Transgender New Yorkers living with HIV who received gender-affirming surgery through Medicaid saw their viral load drop in the years following surgery, according to data presented at the Conference on Retroviruses and Opportunistic Infections.
Epidemiologist Cristina Rodriguez-Hart, PhD, of the New York City Department of Health and Mental Hygiene, and colleagues identified 185 HIV-positive transgender adults in New York City who had access to Medicaid between 2013 and 2017 and had available viral load results. Medical codes in their charts showed they’d received top or bottom surgeries during that time.
Viral suppression rose among transgender people with HIV on Medicaid overall between 2013 and 2017, reaching 75%. What’s more, rates of viral suppression were higher among those who also had gender-affirming surgeries through Medicaid. It was an impressive climb, from 66% two years before surgery to 77% one year before to 86% a year after surgery. By two years out, 88% still had an undetectable viral load.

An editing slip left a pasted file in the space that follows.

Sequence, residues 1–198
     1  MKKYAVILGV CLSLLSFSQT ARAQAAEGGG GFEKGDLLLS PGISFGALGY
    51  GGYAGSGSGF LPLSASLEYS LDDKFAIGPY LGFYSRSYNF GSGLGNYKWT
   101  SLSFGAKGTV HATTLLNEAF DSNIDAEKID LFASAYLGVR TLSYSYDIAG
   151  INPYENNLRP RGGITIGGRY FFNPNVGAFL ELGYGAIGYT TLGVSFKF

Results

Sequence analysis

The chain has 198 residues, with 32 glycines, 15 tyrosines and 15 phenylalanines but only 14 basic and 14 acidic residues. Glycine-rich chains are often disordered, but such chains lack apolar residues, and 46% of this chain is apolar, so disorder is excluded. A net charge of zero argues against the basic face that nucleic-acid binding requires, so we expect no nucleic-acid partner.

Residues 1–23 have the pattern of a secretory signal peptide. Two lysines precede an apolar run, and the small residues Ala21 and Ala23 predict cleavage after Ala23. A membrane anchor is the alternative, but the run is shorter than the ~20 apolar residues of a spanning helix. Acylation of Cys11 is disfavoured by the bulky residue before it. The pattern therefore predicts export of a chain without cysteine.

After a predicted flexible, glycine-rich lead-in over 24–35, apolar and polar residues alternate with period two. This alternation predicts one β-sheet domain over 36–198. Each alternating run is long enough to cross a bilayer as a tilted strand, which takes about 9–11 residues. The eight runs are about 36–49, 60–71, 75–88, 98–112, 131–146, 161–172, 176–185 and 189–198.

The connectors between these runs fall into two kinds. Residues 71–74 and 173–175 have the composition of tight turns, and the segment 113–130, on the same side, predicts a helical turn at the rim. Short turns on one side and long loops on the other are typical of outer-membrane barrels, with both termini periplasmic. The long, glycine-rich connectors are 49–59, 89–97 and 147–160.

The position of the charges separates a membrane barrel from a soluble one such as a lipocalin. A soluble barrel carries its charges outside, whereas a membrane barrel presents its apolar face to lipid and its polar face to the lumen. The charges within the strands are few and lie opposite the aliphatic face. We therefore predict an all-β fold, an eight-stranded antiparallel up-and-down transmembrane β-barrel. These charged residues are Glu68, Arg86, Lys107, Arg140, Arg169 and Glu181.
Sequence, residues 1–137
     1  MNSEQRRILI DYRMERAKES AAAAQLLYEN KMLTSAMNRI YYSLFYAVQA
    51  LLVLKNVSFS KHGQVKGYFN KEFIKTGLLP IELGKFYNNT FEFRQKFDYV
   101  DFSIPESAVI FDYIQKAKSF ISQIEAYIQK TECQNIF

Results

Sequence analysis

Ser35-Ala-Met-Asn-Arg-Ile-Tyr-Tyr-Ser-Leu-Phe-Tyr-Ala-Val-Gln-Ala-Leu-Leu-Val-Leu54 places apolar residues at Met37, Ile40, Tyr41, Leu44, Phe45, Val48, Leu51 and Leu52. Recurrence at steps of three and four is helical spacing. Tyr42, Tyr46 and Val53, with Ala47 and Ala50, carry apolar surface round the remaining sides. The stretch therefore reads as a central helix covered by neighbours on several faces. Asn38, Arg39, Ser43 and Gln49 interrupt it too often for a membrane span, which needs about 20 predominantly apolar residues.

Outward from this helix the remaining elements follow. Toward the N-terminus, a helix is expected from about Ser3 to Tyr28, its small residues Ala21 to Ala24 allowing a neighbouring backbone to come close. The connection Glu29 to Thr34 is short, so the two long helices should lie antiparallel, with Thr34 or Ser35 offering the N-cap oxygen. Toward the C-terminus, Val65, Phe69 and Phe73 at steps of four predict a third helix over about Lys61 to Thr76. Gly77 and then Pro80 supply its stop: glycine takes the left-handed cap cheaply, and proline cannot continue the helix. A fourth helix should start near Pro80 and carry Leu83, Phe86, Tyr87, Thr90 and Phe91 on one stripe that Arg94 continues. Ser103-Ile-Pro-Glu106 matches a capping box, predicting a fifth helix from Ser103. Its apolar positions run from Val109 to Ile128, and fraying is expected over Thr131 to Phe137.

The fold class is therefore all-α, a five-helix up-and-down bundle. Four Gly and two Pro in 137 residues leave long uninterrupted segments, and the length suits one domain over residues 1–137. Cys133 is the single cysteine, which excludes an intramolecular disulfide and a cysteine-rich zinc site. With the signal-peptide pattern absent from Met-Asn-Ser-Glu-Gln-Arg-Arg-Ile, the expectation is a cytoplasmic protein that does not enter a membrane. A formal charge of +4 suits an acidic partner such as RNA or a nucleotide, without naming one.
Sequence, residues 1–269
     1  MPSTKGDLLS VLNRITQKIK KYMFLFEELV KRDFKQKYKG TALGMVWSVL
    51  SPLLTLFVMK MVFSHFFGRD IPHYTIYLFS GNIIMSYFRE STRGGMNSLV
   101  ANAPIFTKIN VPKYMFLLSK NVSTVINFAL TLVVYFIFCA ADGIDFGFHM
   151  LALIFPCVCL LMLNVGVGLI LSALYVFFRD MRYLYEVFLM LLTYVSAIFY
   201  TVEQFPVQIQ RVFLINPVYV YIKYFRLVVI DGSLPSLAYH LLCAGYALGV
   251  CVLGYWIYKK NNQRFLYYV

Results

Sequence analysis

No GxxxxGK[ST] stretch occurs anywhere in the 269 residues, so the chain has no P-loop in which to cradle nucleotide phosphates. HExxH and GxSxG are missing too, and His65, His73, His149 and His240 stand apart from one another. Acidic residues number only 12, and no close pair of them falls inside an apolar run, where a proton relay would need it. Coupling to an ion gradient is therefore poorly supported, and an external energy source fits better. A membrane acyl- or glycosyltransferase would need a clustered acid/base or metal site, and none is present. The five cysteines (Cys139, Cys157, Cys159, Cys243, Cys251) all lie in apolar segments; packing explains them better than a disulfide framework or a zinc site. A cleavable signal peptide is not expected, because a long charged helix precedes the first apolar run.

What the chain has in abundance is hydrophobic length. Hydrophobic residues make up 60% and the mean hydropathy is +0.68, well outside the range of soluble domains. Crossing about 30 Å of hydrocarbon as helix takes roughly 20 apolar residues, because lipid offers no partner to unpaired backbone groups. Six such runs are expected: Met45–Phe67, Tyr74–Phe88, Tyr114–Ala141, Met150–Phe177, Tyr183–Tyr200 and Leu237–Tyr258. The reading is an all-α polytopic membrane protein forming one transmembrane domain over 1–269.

One year after surgery, 92% of people who received top surgery had an undetectable viral load. People who had bottom surgery had marginally higher rates of viral suppression before surgery but saw their rate dip to 84% one year after surgery. However, they were expected to reach 90% viral suppression by two years out.
The surgery itself didn’t necessarily lead to an undetectable viral load, according to Rodriguez-Hart, who noted that any number of factors could contribute to viral suppression in people receiving surgery. For instance, it could be that receiving the care one needs from professionals trained to work with transgender people could have built trust in a health care system that has often misgendered and otherwise mistreated people of trans experience.
“This is all the more reason why [transgender people living with HIV] need more support,” she said, “so that they can obtain better overall health and obtain affirming surgeries.”